Love your body

Body positivity is becoming a much more common part of modern discourse, which women should be ecstatic about. But while many are stamping down on the harmful language and expectations others can place on us, we should also acknowledge that often we are our own worst critic. Take the time to really grapple with the questions and issues explored by places like womenshealthmag.com and internalize body positivity in a way that makes sense to you and is honest to you. You don’t have to pretend that you are perfect, for no-one is, nor do you have to ignore what you might consider weak points that you want to work on. What you do have to do, however, is recognize that there’s a lot to love about anyone’s body and the sooner you start loving yours, the sooner you can start feeling comfortable and confident.

Pic by Pexels

Spend time on the fundamentals

While body positivity is about accepting and loving yourself for who you are, there is no denying that the simple act of working on your appearance will help you feel a lot more confident. Whether it’s skin care, make-up, or efforts to work on your body, the feeling that you are in control and making an impact will help you feel much more confident to display your taste and to own it publicly. One element that can help you feel good in any outfit is expressing yourself through your hair with the help of sites like therighthairstyles.com. Not only are you going to look good, you’re going to feel that sense of ownership that comes with enjoying the fruit of your labors.

Find your outfit enhancers

That sense of ownership and confidence in your choices can also come with the little touches you make to your outfits to make them uniquely you. We all like to think we have a sense of personal style no matter what we wear, but we can’t deny those moments that we don’t feel like building elaborate outfits when we just want to get on with the day or need to dress down. Even in those cases, however, accessories are a simple touch that lets us customize our look and feel like we’re showing off our fashion flair even with the most generic of outfits.

Get experimental

Restricting your clothing choices based on what you “know” will work on you is a mistake. Fashion isn’t a set of “yes” and “no” items, just as artists don’t specifically choose which colors they are best with painting and which they should avoid. You should be willing to push outside your comfort zone and try new things while crafting outfits. You might not have the budget to indulge in constant shopping sprees, of course, which is why guides to thrift store shopping from places like apartmenttherapy.com can be hugely helpful. You can try and buy a whole range of wallet-friendly items that allow you to get more experimental in the outfits you’re going to make. Your experiments aren’t always going to be a success, of course, but if you don’t try, you’re going to miss the permanent benefit of finding something new that makes you look and feel great. Simply trying on outfits that don’t look as good on you as you wanted and learning that it’s not the end of the world is going to build the resilience that serves as a cornerstone to self-confidence, too.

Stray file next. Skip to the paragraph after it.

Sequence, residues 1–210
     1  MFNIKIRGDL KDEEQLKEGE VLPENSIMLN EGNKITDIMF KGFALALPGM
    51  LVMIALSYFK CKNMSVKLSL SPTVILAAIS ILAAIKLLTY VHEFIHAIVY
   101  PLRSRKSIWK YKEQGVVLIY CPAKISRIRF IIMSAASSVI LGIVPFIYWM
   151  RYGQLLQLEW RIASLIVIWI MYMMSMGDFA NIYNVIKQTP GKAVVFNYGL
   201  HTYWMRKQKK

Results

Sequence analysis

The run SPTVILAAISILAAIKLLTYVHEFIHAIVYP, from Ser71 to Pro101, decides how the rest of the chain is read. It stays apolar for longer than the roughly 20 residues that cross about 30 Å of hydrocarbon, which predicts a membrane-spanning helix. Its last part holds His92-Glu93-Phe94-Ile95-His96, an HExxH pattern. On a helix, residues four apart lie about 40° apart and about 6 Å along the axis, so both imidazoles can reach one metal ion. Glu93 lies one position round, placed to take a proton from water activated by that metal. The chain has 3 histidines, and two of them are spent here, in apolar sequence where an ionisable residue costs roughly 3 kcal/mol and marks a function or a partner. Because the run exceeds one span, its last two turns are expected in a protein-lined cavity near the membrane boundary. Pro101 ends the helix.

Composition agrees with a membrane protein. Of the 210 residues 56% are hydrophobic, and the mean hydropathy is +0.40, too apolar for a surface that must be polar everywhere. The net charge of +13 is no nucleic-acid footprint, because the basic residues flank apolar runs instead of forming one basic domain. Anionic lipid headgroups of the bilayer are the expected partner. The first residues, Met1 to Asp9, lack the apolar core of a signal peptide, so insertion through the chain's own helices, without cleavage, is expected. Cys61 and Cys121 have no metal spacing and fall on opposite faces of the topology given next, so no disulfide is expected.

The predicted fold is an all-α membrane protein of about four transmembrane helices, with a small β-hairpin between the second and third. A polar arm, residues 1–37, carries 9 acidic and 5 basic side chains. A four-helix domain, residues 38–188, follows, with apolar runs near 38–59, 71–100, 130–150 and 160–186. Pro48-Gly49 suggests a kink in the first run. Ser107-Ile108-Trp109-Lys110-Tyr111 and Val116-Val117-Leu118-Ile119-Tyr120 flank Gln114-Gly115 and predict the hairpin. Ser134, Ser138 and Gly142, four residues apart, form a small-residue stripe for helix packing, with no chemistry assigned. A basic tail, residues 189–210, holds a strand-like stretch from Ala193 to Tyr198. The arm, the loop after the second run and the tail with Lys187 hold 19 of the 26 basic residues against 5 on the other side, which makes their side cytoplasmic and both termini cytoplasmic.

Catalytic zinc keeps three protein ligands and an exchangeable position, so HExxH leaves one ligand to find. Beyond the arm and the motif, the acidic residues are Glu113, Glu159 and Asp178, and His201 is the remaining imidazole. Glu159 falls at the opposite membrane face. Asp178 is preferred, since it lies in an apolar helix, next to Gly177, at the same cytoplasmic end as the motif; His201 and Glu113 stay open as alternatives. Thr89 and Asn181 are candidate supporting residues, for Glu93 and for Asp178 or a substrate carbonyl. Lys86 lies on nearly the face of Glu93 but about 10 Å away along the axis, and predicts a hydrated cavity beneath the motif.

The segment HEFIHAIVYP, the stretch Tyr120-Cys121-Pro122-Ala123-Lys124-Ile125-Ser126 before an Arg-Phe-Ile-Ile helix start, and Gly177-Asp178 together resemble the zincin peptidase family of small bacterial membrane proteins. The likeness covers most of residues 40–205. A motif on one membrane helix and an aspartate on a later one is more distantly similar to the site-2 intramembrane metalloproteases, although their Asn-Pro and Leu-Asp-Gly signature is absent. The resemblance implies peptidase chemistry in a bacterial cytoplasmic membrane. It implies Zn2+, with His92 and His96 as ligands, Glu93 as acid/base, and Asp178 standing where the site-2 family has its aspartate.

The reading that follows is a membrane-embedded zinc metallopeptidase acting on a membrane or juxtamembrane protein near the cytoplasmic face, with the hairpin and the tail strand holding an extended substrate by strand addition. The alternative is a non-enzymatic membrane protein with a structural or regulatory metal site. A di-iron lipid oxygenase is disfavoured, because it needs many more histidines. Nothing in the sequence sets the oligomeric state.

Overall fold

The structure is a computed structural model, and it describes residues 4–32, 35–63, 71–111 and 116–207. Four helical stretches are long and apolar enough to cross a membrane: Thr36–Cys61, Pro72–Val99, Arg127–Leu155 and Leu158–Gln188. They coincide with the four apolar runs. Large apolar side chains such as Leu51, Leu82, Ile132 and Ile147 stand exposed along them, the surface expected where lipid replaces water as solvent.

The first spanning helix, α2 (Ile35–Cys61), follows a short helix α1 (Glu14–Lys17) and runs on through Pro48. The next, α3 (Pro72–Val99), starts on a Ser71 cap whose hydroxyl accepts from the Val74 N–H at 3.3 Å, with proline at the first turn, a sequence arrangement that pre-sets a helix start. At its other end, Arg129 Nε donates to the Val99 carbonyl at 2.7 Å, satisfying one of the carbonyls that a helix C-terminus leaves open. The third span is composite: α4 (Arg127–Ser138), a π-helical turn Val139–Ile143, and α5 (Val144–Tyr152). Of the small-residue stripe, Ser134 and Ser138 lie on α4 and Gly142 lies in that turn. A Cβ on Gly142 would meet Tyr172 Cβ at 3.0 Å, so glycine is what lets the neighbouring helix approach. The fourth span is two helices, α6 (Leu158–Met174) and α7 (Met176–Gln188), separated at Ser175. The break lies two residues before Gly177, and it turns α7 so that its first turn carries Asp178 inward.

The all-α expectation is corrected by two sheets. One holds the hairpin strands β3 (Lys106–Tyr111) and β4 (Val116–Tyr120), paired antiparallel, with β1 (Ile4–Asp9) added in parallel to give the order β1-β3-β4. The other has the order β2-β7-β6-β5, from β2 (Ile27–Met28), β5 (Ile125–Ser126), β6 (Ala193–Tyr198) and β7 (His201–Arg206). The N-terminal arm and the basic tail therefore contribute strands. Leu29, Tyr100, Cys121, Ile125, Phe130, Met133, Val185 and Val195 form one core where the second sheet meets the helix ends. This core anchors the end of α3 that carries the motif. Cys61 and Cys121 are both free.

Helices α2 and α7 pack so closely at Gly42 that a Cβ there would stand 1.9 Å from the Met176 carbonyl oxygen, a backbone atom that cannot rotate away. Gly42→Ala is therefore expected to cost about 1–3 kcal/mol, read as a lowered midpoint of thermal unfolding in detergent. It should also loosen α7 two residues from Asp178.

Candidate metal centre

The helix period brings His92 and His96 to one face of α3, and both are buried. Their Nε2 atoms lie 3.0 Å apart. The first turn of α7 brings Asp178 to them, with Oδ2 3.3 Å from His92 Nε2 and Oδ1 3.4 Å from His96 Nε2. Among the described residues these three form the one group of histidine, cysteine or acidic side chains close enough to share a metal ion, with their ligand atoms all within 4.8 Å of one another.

Pic by StockSnap

Break the rules

In a similar vein, don’t take supposed fashion rules too seriously. Yes, there’s some conventional wisdom that has built up over the years that can help you make choices more likely to work. They can work as a foundation of a sense of style. But over-reliance on them can act as a crutch that stifles your own personal taste. Go with your gut and be willing to break those rules.

Learning to quiet the little voice in your head that says “this might not be a good idea” is one of the most freeing fashion tips you can follow. Get experimental, try things out, and express what you really want to. If it doesn’t work, it doesn’t. Just move on and try the next idea.

Working On My Self-Esteem

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Something that I’ve always struggled with is self-esteem. I don’t come from a particularly “build you up” kind of family (when I got my first pair of glasses, aged 11, my family decided to tell me I looked like Dennis Waterman and called me that for many years, knowing how much I hated it). One of my worst character traits is my ability to be self-deprecating, and as much as I find it hilarious to make mean jokes about myself, my kids are starting to notice and it’s probably not the best thing for them to hear.